We have a bit of a shorter post today—I thought precession warranted its own post, before I go on to talking about the ecliptic.
Precession is refers to the way Earth wobbles around on its axis, a bit like a top. This motion is caused by the sun and moon’s gravity tugging on the planet, and is key to understanding how many ancient cultures viewed the sky.
So what is precession, exactly?
When you spin a top, slight imperfections in its momentum and balance prevent it from spinning like, say, a fan or a windmill. (Although, to be precise, fans wobble a bit as they spin, too.)
Instead of spinning perfectly and staying perpendicular to the surface it’s spinning on at all times, the top wobbles.
Earth does the same thing, but not because of imperfect balance. There’s nothing for it to balance on—it’s spinning in empty space. The moon’s gravity causes it to wobble a bit, and the tides create friction too, though I’ll explain that in a later post.
So, what does this mean for astronomy?
The North Star, as we call it, isn’t a specific star. It just refers to whatever star the North Pole happens to be pointing at. Now, you might say that the north pole is always pointing at the same star. But, thanks to precession, this isn’t true.
Every time I write about this topic, I find a better image to represent it. This one diagrams the path the North Pole traces in the sky as it wobbles about in a circular motion. Also shown here are the stars that cross the North Pole’s path in the sky.
When the pyramids of Giza were built, Thuban in the constellation Draco was the closest star to true north—and, in fact, it was closer to north than Polaris is now.
Polaris, our current north star, was named for its location—Polaris. But it won’t always be the North Star. 6000 years from now, the star Alderamin will appear closest to the North Pole, and in another 6000 years, the North Star will be Vega.
Earth isn’t the only astronomical body that precesses. But it is the only one that humanity has observed for more than seven thousand years.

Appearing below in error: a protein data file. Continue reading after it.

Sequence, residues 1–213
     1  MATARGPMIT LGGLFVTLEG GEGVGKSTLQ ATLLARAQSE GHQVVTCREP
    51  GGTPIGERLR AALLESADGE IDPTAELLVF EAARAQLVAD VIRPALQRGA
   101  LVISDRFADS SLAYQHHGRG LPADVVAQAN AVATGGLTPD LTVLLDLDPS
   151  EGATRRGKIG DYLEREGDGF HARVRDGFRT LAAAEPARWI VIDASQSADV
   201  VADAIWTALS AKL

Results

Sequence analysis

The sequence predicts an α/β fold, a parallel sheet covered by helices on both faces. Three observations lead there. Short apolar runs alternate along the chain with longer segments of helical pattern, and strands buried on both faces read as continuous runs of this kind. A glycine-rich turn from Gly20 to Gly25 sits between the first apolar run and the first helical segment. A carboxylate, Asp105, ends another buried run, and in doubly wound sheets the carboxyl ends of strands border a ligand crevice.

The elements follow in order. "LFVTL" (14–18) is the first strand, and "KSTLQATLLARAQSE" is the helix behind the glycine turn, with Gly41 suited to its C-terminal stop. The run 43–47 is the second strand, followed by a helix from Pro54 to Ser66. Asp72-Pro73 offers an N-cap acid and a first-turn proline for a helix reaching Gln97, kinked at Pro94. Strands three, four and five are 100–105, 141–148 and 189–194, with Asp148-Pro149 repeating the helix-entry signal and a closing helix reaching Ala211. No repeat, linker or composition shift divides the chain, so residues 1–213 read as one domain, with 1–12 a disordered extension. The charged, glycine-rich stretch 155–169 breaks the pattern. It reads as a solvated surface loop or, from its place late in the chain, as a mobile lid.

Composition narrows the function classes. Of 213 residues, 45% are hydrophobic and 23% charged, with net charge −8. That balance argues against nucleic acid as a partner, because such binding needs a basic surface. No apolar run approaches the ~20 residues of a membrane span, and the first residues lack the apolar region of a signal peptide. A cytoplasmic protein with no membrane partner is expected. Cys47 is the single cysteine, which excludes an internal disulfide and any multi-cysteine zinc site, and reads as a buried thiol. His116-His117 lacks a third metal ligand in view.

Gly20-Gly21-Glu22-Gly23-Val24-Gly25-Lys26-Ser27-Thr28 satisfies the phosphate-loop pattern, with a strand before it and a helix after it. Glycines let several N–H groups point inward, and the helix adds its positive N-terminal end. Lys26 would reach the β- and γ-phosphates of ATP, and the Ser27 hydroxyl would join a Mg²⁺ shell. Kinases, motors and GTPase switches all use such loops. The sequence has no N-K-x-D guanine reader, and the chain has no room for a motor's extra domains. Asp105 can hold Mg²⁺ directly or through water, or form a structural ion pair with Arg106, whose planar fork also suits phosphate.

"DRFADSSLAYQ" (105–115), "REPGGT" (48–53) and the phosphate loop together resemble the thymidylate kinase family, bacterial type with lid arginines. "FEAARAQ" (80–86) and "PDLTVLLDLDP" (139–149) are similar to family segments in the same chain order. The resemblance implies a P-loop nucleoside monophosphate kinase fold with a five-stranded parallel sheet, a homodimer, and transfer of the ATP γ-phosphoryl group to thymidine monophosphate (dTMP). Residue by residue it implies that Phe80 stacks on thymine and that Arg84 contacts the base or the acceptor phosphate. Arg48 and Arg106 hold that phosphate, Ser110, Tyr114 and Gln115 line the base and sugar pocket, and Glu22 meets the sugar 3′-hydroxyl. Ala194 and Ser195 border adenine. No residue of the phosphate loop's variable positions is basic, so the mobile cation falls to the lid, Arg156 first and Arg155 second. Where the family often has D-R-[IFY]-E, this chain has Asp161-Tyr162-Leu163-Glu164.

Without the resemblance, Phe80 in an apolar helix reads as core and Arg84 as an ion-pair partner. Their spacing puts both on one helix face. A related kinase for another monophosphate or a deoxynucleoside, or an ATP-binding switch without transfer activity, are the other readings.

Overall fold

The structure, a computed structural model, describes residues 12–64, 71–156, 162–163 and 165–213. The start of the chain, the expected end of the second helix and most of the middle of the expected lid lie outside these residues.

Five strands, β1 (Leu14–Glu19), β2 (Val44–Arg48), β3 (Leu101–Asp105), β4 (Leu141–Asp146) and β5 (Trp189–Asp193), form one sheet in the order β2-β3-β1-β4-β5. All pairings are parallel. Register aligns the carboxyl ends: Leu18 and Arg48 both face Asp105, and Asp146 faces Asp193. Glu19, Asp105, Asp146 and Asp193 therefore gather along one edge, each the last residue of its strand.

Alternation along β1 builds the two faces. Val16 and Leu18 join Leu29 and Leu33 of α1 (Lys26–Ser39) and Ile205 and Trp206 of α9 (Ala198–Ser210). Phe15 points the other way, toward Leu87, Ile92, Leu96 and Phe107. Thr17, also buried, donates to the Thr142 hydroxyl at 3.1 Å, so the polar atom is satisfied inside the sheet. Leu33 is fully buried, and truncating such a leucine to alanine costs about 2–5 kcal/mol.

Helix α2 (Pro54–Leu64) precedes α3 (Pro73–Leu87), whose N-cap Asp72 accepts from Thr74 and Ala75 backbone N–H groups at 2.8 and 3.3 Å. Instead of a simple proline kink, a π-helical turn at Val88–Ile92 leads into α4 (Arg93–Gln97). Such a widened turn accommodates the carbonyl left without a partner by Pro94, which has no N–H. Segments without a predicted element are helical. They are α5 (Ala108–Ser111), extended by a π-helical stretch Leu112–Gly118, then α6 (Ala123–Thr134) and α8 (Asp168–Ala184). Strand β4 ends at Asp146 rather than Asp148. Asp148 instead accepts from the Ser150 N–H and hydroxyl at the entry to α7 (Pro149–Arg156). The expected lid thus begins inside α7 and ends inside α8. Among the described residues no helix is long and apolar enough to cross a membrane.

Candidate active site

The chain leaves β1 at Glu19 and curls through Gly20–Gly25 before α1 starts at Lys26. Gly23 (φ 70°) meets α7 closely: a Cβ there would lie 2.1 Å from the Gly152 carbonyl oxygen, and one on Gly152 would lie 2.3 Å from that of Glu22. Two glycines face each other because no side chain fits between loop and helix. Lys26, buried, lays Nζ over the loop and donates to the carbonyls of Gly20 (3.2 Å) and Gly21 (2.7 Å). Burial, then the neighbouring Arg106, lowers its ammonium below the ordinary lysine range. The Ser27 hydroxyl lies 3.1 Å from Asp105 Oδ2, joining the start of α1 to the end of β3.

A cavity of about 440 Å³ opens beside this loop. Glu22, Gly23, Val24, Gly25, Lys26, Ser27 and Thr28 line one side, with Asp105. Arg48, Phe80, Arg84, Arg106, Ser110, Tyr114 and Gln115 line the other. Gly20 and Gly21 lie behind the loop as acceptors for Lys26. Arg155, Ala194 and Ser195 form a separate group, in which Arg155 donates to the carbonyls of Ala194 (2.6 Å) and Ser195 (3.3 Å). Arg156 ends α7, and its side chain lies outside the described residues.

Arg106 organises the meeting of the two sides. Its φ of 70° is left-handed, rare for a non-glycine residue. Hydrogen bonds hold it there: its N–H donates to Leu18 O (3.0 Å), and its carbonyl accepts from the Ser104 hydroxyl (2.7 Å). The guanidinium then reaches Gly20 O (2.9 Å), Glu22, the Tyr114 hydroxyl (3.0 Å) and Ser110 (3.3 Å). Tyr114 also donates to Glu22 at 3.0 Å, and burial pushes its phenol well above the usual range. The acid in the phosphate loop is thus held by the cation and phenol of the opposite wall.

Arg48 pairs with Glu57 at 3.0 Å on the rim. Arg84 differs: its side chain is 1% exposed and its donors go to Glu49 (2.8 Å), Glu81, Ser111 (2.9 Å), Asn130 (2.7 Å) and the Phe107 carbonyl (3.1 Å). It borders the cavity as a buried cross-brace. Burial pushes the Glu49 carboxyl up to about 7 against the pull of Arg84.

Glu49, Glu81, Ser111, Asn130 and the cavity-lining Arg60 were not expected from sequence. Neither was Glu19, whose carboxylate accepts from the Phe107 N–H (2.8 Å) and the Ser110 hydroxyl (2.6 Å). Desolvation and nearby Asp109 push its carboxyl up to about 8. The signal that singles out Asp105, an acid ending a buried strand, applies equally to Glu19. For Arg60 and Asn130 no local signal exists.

There are pyramids built in Egypt that are all pointed, more or less, at the star Thuban. Because these pyramids were built when Thuban was the North Star, it’s reasonable to assume that they were meant to point north.
And it’s even evident, from how many were built and the slow progression from being off by a few degrees to being almost dead on, that this was done on purpose. It’s pretty clear evidence that the ancient Egyptians, at least, cared deeply about the night sky.
Now, I could go on for ages about the mounting evidence that ancient peoples were fascinated by the night sky, but that’s a topic for another day.
You may have noticed that in order for Earth to wobble on its axis, it has to be tilted a little bit instead of exactly upright. Otherwise, it would just spin perfectly. It is indeed tilted—about 23.5° from the vertical.
Precession doesn’t happen just because of the sun and moon’s gravitational forces—it also happens because Earth has a bit of a pudge around its middle.
That’s right. Because Earth rotates, its middle at the equator actually bulges out a bit. Why? It’s the same effect as when dancers spin really fast. If you’ve ever tried a fast spin, dancer or not, you’ve probably noticed that it takes more effort to hold your body in a straight line, and not spread your limbs out.
Because Earth has no muscles or consciousness to control its shape, its spinning motion makes its middle pull out a bit. It also helps that most of the surface is ocean—water is much more flexible than land.
This bulge helps the sun and moon’s gravity work. It’s like someone trying to grab you while you’re spinning like a pencil, versus someone grabbing you when your arms are thrown out. They have more to grab onto.
Regardless of a planet’s midlife pudge, precession takes a long time. It’s the difference between a person literally grabbing you as you spin and tipping you over a bit, and the moon and sun’s gravity acting from afar.
I’ll explain gravity in more depth in later posts…but basically, because gravity is an effect of space and doesn’t involve objects directly acting upon one another, precession takes about 26,000 years for one cycle.
Yeah, just one. That’s why you don’t notice it all. In fact, our generation—and even our kids—won’t be around to greet the next North Star.
But ancient peoples were, and that’s why it matters. And there’s another reason it matters, too. Precession has an effect on our global climate, and is often used as part of an argument against global warming.
I’ll be talking about that later as well, and explaining why precession is absolutely not proof that global warming is false or exaggerated.
Next week on Tuesday, I’ll be coming out with another astronomy post, and after that we’ll settle back into our weekly schedule with astronomy, chemistry, and climate science. See you around!